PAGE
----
6.2 The Client's Confidential Information. While working for the Client, the Coach may come across, or be given, Client information that is confidential. This is information like customer lists, business strategies, research & development notes, statistics about a website, and other information that is private. The Coach promises to treat this information as if it is the Coach's own confidential information. The Coach may use this information to do its job under this Contract, but not for anything else. For example, if the Client lets the Coach use a customer list to send out a newsletter, the Coach cannot use those email addresses for any other purpose. The one exception to this is if the Client gives the Coach written permission to use the information for another purpose, the Coach may use the information for that purpose, as well. When this Contract ends, the Coach must give back or destroy all confidential information, and confirm that it has done so. The Coach promises that it will not share confidential information with a third party, unless the Client gives the Coach written permission first. The Coach must continue to follow these obligations, even after the Contract ends. The Coach's responsibilities only stop if the Coach can show any of the following: (i) that the information was already public when the Coach came across it; (ii) the information became public after the Coach came across it, but not because of anything the Coach did or didn't do; (iii) the Coach already knew the information when the Coach came across it and the Coach didn't have any obligation to keep it secret; (iv) a third party provided the Coach with the information without requiring that the Coach keep it a secret; or (v) the Coach created the information on its own, without using anything belonging to the Client.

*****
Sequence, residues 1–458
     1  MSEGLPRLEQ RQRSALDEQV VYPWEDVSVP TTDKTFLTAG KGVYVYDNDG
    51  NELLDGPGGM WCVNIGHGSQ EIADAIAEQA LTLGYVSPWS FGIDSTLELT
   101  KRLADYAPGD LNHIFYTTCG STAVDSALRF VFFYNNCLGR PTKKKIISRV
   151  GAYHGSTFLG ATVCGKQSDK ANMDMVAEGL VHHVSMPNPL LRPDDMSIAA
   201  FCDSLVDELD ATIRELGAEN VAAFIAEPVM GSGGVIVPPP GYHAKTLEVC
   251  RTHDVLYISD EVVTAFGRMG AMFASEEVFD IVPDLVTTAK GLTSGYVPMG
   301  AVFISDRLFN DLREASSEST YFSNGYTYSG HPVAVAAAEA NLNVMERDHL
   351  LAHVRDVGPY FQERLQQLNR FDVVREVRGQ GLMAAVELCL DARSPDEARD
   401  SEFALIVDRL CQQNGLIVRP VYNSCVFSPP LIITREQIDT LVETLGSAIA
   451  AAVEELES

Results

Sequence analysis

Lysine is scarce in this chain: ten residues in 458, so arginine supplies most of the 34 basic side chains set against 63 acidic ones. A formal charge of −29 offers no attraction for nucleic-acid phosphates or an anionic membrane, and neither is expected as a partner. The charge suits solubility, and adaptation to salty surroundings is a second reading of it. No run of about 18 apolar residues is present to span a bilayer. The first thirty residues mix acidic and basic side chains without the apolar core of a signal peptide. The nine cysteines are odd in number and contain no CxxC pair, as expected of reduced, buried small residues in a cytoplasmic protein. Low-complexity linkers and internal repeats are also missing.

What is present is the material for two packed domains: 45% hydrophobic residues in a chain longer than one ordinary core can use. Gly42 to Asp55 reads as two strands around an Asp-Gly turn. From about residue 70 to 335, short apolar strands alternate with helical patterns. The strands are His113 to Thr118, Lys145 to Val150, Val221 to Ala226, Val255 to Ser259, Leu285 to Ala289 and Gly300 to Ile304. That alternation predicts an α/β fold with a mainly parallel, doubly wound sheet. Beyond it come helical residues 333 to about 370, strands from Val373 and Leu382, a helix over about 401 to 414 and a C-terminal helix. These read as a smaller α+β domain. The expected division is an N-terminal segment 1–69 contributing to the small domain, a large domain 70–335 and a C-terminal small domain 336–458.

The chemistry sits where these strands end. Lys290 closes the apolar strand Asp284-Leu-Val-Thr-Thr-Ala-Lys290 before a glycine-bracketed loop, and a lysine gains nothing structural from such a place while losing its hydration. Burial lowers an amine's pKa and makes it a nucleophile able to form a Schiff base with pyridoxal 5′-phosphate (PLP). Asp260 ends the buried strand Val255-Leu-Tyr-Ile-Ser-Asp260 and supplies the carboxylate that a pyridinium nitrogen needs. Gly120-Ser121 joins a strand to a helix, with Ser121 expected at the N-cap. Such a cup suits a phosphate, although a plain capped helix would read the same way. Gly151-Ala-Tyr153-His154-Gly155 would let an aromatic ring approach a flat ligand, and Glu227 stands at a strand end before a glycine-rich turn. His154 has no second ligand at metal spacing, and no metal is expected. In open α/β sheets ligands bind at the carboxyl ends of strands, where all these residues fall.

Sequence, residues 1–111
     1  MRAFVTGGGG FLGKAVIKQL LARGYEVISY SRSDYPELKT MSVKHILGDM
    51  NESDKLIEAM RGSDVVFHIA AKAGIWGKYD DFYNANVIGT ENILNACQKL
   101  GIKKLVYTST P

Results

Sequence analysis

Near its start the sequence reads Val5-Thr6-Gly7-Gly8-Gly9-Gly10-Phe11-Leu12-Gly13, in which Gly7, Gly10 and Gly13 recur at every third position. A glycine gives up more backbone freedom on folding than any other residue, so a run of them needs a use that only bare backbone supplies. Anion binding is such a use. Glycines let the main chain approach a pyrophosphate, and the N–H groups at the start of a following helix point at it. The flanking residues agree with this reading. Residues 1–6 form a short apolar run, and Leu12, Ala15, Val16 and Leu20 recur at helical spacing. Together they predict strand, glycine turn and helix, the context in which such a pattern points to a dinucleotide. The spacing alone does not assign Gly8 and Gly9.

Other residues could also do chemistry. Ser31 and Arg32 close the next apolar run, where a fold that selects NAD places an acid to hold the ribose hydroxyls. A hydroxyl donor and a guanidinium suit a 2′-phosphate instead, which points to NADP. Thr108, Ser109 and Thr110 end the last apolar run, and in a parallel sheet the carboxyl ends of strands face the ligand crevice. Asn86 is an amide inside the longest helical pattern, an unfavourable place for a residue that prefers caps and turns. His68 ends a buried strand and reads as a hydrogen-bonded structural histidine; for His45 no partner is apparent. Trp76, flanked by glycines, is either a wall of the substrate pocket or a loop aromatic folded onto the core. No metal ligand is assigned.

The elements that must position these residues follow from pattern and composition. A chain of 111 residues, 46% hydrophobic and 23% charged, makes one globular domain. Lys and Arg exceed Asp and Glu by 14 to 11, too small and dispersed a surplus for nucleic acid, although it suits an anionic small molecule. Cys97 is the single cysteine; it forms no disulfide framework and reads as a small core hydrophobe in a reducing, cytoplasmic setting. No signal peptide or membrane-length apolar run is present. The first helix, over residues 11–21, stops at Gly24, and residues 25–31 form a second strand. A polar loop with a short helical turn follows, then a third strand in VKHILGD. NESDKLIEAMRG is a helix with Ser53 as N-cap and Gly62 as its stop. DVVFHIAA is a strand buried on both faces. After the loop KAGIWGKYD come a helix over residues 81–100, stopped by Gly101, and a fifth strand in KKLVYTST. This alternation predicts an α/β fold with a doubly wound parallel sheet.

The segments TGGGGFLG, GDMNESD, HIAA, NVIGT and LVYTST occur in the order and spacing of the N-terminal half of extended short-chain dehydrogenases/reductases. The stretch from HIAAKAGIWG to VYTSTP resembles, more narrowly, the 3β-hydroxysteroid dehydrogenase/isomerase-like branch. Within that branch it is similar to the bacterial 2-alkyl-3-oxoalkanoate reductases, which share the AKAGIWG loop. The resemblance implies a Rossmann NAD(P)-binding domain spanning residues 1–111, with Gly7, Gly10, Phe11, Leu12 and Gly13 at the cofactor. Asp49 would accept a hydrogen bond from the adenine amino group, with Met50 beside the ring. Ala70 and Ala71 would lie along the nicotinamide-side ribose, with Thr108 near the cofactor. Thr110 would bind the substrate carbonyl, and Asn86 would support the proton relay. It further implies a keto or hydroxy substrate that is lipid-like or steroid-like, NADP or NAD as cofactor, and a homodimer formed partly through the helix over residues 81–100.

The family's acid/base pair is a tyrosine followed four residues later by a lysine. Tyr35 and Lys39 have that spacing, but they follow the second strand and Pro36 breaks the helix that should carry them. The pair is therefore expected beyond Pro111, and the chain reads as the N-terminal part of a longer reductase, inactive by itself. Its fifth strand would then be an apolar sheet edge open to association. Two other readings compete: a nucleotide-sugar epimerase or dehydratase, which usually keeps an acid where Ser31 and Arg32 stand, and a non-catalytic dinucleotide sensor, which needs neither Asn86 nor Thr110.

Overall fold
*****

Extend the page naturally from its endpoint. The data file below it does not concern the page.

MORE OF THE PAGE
6.3 Third-Party Confidential Information. It's possible the Client and the Coach each have access to confidential information that belongs to third parties. The Client and the Coach each promise that it will not share with the other party confidential information that belongs to third parties, unless it is allowed to do so. If the Client or the Coach is allowed to share confidential information with the other party and does so, the sharing party promises to tell the other party in writing of any special restrictions regarding that information.


Neither party is liable for breach-of-contract damages that the breaching party could not reasonably have foreseen when it entered this Contract.


8.1 Overview. This section transfers certain risks between the parties if a third party sues or goes after the Client or the Coach or both. For example, if the Client gets sued for something that the Coach did, then the Coach may promise to come to the Client's defense or to reimburse the Client for any losses.